Volume 6, Number 47 - February 15, 2007
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Wolf delisting would exclude parts of Sublette County
Landowners in the northern portion of Sublette County may soon be in the odd position of being in an area where wolves remain federally protected as a “non-essential, experimental” population, while wolves in the remainder of the county would be delisted and removed from federal protection.
That scenario is what the U.S. Fish and Wildlife Service is proposing in its delisting rule, formally published late last week. Wolves in most of Wyoming would be removed from federal protections, but since FWS doesn’t approve of Wyoming’s wolf management plan, portions of the Greater Yellowstone region would not have federal protections eased.
FWS has proposed delisting to occur in a “distinct population segment” area involving the entire states of Wyoming, Montana and Idaho, the eastern one-third of Washington and Oregon, and a small part of north-central Utah. Wolves in all these areas would be removed from the federal list of endangered and threatened wildlife, with the exception for western Wyoming outside the national parks.
The delisting rule stated: “Therefore, if Wyoming fails to modify its management regime to adequately conserve wolves, we will keep a significant portion of the range in the Wyoming portion of the Northern Rocky Mountain distinct population segment because there are not adequate regulatory mechanisms in that area. In this situation, wolves in the significant portion of the range in northwestern Wyoming, outside the national parks, will retain their nonessential experimental status under section 10(j) of the Endangered Species Act. We will remove the remainder of the NRM DPS from the List of Endangered and Threatened Species.”
If Wyoming had changed its state law and management plan as FWS had wanted, the agency would have proposed the entire region for delisting. The rule noted: “ However, if Wyoming has not taken these steps by the date that a final decision is to be made, we have carefully considered the requirements of the Act and the record before us and concluded that an alternative approach may be in order. Specifically, it would then be our intention instead to reclassify the portions of the DPS in the States of Idaho and Montana, Washington, Oregon, and Utah as ‘not listed.’ We would also reclassify the portion of Wyoming that is not a significant portion of the range and the portion that is in the national parks in Wyoming as ‘not listed.’ The DPS would no longer exist. The significant portion of the range that exists outside the national parks within the State of Wyoming would continue to be listed as ‘nonessential experimental’ based on the biologically significant nature of that portion of the species’ range and the continuing unacceptable level of threats that occur under the state’s current statute and management plan.”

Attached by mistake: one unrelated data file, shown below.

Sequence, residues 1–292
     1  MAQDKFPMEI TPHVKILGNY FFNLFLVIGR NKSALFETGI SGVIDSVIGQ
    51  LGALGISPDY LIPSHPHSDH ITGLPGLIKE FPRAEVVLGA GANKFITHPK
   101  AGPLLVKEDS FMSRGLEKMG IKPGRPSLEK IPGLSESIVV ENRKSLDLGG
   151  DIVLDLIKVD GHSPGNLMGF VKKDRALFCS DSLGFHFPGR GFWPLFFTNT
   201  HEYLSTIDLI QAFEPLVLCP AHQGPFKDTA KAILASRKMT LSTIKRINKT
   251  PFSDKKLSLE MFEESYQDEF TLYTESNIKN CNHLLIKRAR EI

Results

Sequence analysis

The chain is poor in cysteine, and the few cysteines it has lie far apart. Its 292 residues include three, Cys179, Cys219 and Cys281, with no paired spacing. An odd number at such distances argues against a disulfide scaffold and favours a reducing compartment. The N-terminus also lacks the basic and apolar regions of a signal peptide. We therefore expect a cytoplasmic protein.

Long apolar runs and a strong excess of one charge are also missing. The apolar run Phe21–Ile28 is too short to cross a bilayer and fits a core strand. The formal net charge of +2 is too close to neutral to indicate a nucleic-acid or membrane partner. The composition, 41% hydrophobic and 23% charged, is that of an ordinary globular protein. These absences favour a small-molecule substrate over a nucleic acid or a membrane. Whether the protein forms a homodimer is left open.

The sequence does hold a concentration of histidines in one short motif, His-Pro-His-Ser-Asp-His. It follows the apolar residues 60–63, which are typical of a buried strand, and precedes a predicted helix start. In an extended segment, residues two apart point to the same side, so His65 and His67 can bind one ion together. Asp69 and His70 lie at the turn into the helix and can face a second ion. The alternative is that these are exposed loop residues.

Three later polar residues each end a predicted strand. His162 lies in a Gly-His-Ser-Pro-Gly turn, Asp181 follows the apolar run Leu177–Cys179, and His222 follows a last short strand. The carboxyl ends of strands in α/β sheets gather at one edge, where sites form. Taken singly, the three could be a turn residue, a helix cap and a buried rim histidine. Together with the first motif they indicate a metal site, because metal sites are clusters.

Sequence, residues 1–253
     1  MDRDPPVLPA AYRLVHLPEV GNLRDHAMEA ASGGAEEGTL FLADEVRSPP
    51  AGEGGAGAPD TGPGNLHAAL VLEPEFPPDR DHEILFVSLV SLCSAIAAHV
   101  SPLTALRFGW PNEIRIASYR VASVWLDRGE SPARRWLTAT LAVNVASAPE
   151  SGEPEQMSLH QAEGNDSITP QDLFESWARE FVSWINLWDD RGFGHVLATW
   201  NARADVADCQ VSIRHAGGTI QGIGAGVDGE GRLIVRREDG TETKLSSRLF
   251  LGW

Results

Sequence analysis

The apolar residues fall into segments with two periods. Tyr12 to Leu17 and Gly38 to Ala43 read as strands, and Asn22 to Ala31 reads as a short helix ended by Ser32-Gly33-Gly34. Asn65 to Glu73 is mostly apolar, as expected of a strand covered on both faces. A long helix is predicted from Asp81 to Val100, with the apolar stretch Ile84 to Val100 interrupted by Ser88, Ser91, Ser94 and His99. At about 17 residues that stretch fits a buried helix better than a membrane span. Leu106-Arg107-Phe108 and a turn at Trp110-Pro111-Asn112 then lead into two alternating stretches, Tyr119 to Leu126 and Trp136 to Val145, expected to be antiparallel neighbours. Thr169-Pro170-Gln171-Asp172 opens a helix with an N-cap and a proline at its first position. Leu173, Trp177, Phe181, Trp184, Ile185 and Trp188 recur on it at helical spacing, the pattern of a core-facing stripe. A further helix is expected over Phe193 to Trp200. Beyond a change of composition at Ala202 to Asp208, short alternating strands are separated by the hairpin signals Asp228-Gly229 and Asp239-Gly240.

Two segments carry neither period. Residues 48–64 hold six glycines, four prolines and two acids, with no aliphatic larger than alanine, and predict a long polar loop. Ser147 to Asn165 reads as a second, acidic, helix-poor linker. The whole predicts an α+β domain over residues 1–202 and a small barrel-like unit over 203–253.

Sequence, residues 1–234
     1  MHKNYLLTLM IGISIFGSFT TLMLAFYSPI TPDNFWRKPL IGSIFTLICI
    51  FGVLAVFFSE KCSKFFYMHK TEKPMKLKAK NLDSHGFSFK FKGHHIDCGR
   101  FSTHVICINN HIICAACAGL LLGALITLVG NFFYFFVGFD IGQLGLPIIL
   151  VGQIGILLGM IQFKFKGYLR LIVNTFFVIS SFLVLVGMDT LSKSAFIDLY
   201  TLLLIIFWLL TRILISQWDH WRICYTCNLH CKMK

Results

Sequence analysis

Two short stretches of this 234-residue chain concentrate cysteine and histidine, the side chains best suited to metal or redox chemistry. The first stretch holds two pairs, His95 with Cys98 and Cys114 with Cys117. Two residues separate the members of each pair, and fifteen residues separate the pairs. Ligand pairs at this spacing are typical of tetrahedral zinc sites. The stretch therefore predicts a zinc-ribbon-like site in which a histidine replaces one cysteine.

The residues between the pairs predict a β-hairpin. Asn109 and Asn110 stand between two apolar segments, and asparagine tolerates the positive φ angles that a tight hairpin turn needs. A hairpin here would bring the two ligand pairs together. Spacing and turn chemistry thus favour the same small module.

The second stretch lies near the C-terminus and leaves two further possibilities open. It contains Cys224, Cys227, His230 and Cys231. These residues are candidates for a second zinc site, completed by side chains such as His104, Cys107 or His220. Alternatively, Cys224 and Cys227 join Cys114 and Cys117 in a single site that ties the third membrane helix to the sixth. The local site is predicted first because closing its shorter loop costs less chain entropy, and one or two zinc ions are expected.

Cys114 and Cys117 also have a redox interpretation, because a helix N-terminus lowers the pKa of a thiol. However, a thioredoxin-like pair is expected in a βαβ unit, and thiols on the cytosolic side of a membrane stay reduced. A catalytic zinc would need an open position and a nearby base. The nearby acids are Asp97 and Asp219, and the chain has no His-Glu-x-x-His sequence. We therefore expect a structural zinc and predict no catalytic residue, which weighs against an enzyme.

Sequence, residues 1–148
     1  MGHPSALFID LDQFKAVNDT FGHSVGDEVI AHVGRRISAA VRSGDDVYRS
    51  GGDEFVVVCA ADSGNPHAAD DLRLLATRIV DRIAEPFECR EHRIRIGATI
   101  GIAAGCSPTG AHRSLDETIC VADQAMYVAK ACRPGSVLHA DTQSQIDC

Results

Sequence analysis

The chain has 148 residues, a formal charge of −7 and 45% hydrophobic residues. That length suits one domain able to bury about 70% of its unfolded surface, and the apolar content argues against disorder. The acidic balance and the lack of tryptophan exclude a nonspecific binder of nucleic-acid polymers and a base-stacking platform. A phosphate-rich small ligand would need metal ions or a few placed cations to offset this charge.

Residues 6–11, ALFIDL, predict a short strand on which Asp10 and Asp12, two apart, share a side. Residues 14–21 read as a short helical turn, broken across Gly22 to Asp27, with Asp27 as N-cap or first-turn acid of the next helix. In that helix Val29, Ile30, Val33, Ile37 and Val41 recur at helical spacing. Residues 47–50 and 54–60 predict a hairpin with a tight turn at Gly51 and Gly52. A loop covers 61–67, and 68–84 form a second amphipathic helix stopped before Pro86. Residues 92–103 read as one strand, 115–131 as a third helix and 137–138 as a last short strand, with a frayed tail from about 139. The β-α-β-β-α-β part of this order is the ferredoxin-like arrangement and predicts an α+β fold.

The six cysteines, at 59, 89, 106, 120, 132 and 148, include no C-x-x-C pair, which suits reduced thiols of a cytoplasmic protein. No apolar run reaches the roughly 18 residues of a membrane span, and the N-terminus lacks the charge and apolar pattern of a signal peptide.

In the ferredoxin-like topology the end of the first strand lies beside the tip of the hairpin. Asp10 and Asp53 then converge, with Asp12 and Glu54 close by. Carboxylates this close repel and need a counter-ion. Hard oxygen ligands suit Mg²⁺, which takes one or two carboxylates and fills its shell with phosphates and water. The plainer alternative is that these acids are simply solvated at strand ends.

But Sublette County wouldn’t be alone in this odd situation. According to the proposal, the area where wolves would remain listed includes the area of northwestern Wyoming from the junction of U.S. Highway 120 and the Wyoming/Montana State line; running southerly along Wyoming Highway 120 to the Greybull River; southwesterly up said river to the Wood River; running southwesterly up said river to the U.S. Forest Service boundary; following the U.S. Forest Service boundary southerly to the northern boundary of the Wind River Indian Reservation; following the Reservation boundary westerly, then southerly across U.S. Highway 26/287 to the Continental Divide; following the Continental Divide southeasterly to Middle Fork of Boulder Creek; following the Middle Fork of Boulder Creek and then Boulder Creek westerly to the U.S. Forest Service boundary; following the U.S. Forest Service boundary northwesterly to its intersection with U.S. Highway 189/191; following U.S. Highway 189/91 northwesterly to the intersection with Wyoming Highway 22 in the town of Jackson; following Wyoming state highway 22 westerly to the Wyoming/Idaho State line.
FWS is accepting public comments on the delisting proposal. Western Wyoming livestock producers are now left to ponder which would be better:
• living in an area where wolves are listed as predators and can be shot on sight, but with no compensation for livestock losses, and no agency responsibility to respond to problem wolves; or
• lobby for an expanded “non-essential experimental” area under the delisting rule, so that wolves would be managed by the federal government, with a limited compensation program and FWS granted the responsibility to resolve livestock predation problems.
For more information, read the final rule, which is posted at: www.fws.gov/mountain-prairie/species/mammals/wolf.
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